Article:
Comparing Judges Versus Jurors: Do They Decide Cases Differently?

The vast majority of civil disputes are resolved before (or during) trial. These outcomes are always influenced by the trial judge’s structuring of the dispute – e.g., Daubert hearings, responses to SJM motions, Markman hearings, etc. Dispute structuring requires trial judges to exercise a great deal of fact-finding discretion regarding the credibility of witnesses, reliability of scientific testimony, etc. Conventional wisdom says that because of their training, expertise and experience, judges approach “fact finding” differently than do jurors, who by definition are novice fact finders. Moreover, judges’ fact-finding decisions are typically framed as “norm enforcement” and assumed to be more rational and objective than jurors’ fact-finding decisions.

My academic research on judges’ decision making, as well as Litigation Insights’ mock trial research over the past 20 years, provide answers to the judge versus juror question.

Do Judges Judge Differently than Jurors?

judges-versus-jurors

For at least 10 years, social science research comparing judge and juror behavior under similar circumstances has raised serious doubts about the conventional wisdom that judges and jurors judge differently. In study after study, researchers have found more similarities than differences (see Robbennolt, 2006; Rowland, et al., 2010). For example:

  • Retired judges were no better than college sophomores, teachers and other novices at spotting witness mendacity.
  • Retired judges were no better than mock jurors at ignoring inadmissible evidence.
  • Retired judges evince no greater understanding of the scientific principles underlying Daubert standards than do mock jurors.

Moreover, social science research makes it very clear that many decisions by trial judges, federal and state, are affected by extra-legal political influences.  For example:

  • The decisions of Federal district judges, usually thought to be better trained and less susceptible to extra-legal influences than are their state counterparts, can for many case types (e.g., abortion) be predicted at a high rate of accuracy simply by knowing the judge’s appointing president.
  • Elected state judges’ sentencing decisions change in tandem with the proximity of elections

Why Do Judges Judge Like Jurors?

How could this be? These sitting and retired judges not only had the benefit of legal training, with its emphasis on rational-deductive decision making, but also the benefit of experience and the constraints of their oath of office. But consider:

  • The politics of judicial selection, whether federal/state appointments or state elections, have become so politicized and value-based that it is no exaggeration to say that most sitting judges would be struck for cause in many of the cases over which they preside were they on the jury panel instead.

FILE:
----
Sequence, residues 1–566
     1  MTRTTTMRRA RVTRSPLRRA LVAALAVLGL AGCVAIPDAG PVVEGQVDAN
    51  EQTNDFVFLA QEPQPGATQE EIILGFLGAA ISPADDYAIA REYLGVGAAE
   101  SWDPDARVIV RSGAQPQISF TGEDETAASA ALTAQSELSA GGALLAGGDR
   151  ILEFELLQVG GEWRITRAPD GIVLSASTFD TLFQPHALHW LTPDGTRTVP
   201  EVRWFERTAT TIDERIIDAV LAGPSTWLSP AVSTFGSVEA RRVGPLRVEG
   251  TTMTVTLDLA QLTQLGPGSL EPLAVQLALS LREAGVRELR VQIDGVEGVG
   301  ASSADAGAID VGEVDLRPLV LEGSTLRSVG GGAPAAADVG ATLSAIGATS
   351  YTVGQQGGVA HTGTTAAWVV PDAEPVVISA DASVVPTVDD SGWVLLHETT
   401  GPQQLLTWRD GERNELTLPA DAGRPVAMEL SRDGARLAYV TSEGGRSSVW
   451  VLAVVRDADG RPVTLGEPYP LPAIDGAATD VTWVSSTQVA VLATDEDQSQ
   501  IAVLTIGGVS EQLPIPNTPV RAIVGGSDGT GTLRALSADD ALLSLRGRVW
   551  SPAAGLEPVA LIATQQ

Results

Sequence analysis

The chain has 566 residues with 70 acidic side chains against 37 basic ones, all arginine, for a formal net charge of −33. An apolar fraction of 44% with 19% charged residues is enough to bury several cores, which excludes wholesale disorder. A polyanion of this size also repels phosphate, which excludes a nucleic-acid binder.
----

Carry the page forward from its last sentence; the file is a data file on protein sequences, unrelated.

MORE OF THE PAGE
• Many state judges are elected in increasingly partisan elections. Indeed, Citizens United and related decisions by the USSC have allowed “issue PACs” to spend unlimited funds in support of judges favorable to their positions.

Not only do most judges bring to their job values that often predispose them to favor, consciously or unconsciously, one side or the other, virtually none bring training in medicine, science, engineering, etc. That would distinguish them from jurors as fact finders faced with complex, ambiguous facts. Thus, the question is why would we NOT expect judges to manifest some of the same limitations as jurors?

What Does All This Mean for Litigators and Trial Consultants?

A complete answer to this question is beyond the scope of this blog and the imagination of this writer. However, several possibilities illustrate the potential implications of thinking of judges as more like jurors:

  • By the end of voir dire, litigants in major civil litigation typically know a great deal about prospective jurors, ranging from college major to work history to social media postings. Yet, we typically know much less about the judge who is making crucial decisions throughout the dispute resolution process.
  • Many, perhaps most, major trials are preceded by mock trials in which mock jurors, selected for similarities with actual jurors, are asked to respond to competing presentations of themes and evidence. Yet, despite the availability of many retired judges for “bench mocks,” such research is rare.
  • Great effort is devoted to developing demonstrative evidence to help “novice” jurors understand complex technical or scientific evidence. Yet, similar efforts are typically not made to help a judge, who may have been an English major whose pre-bench experience focused on family or criminal law.

Bottom line, in today’s litigation climate we should all be thinking of judges as more like jurors and thinking of new ways to influence these pivotal decision makers. With that in mind, jury research is as important for judges as it is for jurors. Conducting mock arbitrations or Markman hearings with retired judges of a similar sensibility to your actual judge may create insights into better communicating and ultimately persuading your decision maker.

 

 Pete-Rowland By:  C.K. “Pete” Rowland, Ph.D. – Chairman Emeritus


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